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Archaeological Museum of Málaga

Diputación de Málaga

Archaeological Museum of Málaga

It boasts prehistoric items from the most significant sites in Málaga, including the exceptionally well-preserved jawbone and femur of a Neanderthal individual that were found in the Cueva del Boquete cave in Zarraraya (Alcaucín).

This is the most important museum institution covering the province of Málaga. Its collections include the largest number of archaeological and artistic artefacts in the region. Formed in 1973, it brought together the former Museo Provincial de Bellas Artes (Provincial Museum of Fine Arts) and Museo Arqueológico Provincial (Provincial Archaeological Museum). As of 2010, the museum remains institutionally divided into two ‘sections’ corresponding to the older museums. There are slightly over 2,000 pieces in the Fine Arts collection and over 15,000 in the Archaeology collection.

The museum exhibits objects and material that date back to the protohistorical times—from the 1st millennium BCE. They belong to sites that showcase the multiculturalism involved in the formation of city-states, such as Malaka, as well as of complex societies in the provincial hinterland. It also boasts prehistoric items from the most significant sites in Málaga, including the exceptionally well-preserved Neanderthal jawbone and femur that were found in the Cueva del Boquete cave in Zarraraya.

Chronological history of the museum:

- Provincial Museum of Fine Arts (1913-1973)
- Provincial Archaeological Museum (1947-1973)
- Creation of the Museum of Málaga (1973-2016)
- The Museum of Málaga today

The Museum of Málaga today

It opened to the public on 12 December 2016, integrating for the first time the collections of the Provincial Archaeological Museum and the Museum of Fine Arts, and becoming the biggest museum in Andalusia and the 5th in Spain. Well-known authorities inaugurated the museum, including Francisco de la Torre (Mayor of Málaga), Susana Díaz (President of the Andalusian Regional Government), Rosa Aguilar (Councillor for Culture) and Íñigo Méndez (Minister of Culture).

The museum spreads over the ground floor and three floors that are divided into two different sections: the Fine Arts section on the first floor and the Archaeological section on the second floor.

Ground floor

The 2nd-century Roman statue known as La Dama de la Aduana awaits visitors at the entrance. A little further ahead, follows the well-restored patio of the Palacio de la Aduana—former customs house—which is freely accessible and boasts orange and palm trees, a fountain, and information panels on the building's history, including Queen Isabella II's visit in 1862. Other facilities on this floor include the Museum Shop, a temporary exhibitions hall, the cloakroom, the cafeteria, and the storeroom, where visitors can find under-restoration artworks.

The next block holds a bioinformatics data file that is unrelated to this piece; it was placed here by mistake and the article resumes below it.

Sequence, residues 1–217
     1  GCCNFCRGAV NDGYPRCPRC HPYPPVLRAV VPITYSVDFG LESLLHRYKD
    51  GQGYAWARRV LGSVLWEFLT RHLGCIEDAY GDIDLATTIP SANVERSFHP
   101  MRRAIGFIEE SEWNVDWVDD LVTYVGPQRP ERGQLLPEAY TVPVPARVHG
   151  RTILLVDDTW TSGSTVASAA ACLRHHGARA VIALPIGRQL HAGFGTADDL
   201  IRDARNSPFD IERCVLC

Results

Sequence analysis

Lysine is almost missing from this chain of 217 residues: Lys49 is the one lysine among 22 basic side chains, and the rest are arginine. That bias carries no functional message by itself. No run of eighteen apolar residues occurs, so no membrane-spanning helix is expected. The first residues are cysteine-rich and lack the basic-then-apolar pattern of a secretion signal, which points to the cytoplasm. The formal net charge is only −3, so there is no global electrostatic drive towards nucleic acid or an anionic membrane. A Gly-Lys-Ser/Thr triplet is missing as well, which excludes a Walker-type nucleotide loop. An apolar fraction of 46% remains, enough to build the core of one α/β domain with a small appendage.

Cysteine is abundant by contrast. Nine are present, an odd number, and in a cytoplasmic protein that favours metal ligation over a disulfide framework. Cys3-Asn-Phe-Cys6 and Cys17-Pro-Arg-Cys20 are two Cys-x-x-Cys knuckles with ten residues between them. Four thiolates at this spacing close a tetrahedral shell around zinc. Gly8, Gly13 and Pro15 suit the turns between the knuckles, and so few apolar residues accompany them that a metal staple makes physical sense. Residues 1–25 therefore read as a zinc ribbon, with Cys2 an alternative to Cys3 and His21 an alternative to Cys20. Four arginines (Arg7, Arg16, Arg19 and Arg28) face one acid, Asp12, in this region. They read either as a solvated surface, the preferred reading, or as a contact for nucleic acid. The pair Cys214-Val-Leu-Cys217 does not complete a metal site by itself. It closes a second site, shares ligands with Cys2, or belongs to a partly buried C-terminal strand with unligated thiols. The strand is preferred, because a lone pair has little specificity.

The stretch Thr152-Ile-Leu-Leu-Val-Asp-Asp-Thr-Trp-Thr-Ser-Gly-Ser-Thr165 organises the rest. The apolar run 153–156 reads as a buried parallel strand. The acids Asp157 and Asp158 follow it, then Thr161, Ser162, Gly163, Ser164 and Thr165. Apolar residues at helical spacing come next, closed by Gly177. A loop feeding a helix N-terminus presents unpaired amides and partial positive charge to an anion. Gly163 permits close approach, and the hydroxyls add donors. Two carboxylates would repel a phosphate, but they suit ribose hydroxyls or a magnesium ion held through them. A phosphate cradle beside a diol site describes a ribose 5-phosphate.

First floor: the Fine Arts section

Boasting a total of 2,000 works, the Fine Arts section of the Museum of Málaga includes canvases and sculptures by old masters of art—Luis de Morales, Luca Giordano, Murillo, Antonio del Castillo, Alonso Cano, Ribera, Vicente Carducho, Pedro de Mena, and Zurbarán.

The institution houses what is considered to be one of the largest 19th-century painting collections in Spain, including works by painters such as Sorolla, Carlos de Haes, Federico Madrazo, Esquivel, Vicente López Portaña and Ramón Casas, as well as some of the most acclaimed members of the so-called “Málaga School of Painting”: Moreno Carbonero, Pedro Sáenz Sáenz, Enrique Simonet, Muñoz Degrain, José Nogales and Bernardo Ferrándiz. On the international scene, it displays works by León Bonnat and the German avant-garde artist Franz Marc.

It also offers a compelling collection of Spanish modern art up to the fifties—Picasso, José Moreno Villa, Rafael Canogar, Juan Barjola, Óscar Domínguez and Josep Guinovart, among others—along with a small space dedicated to the transformation of the two museums into the current unified one. Informative videos of the process are available, like the one showing the demonstration carried out by local people in 1997 calling for the opening of the museum.

Second floor: the Archaeological section

Its archaeological collection comprises over 15,000 items, spanning a historical period from the 8th century BCE to the Middle Ages: Egyptian, Phoenician, Greek, Roman, Arabic, Christian and Byzantine. Recent decades have seen the incorporation of artefacts from the excavations carried out by the University of Málaga, as well as different lots from the preventive and emergency archaeological interventions that have taken place in the urban centre of Málaga.

Third floor

Facilities include a restaurant, a library open to researchers, and the museum's viewpoint, which offers a unique view of Málaga over the Alcazaba, the Gibralfaro Castle and the Roman Theatre.

Opening hours:
Tuesday to Saturday 9:00 a.m. - 9:00 p.m.
Sunday 9:00 a.m. - 3:00 p.m.
Monday closed.

Cultural Areas > Museums
Palacio de la Aduana 1, Zip Code 29015
951294051
951294085
Schedule - Abierto de martes a sábado de 9 a 21h y domingos de 9 a 15h. Lunes cerrado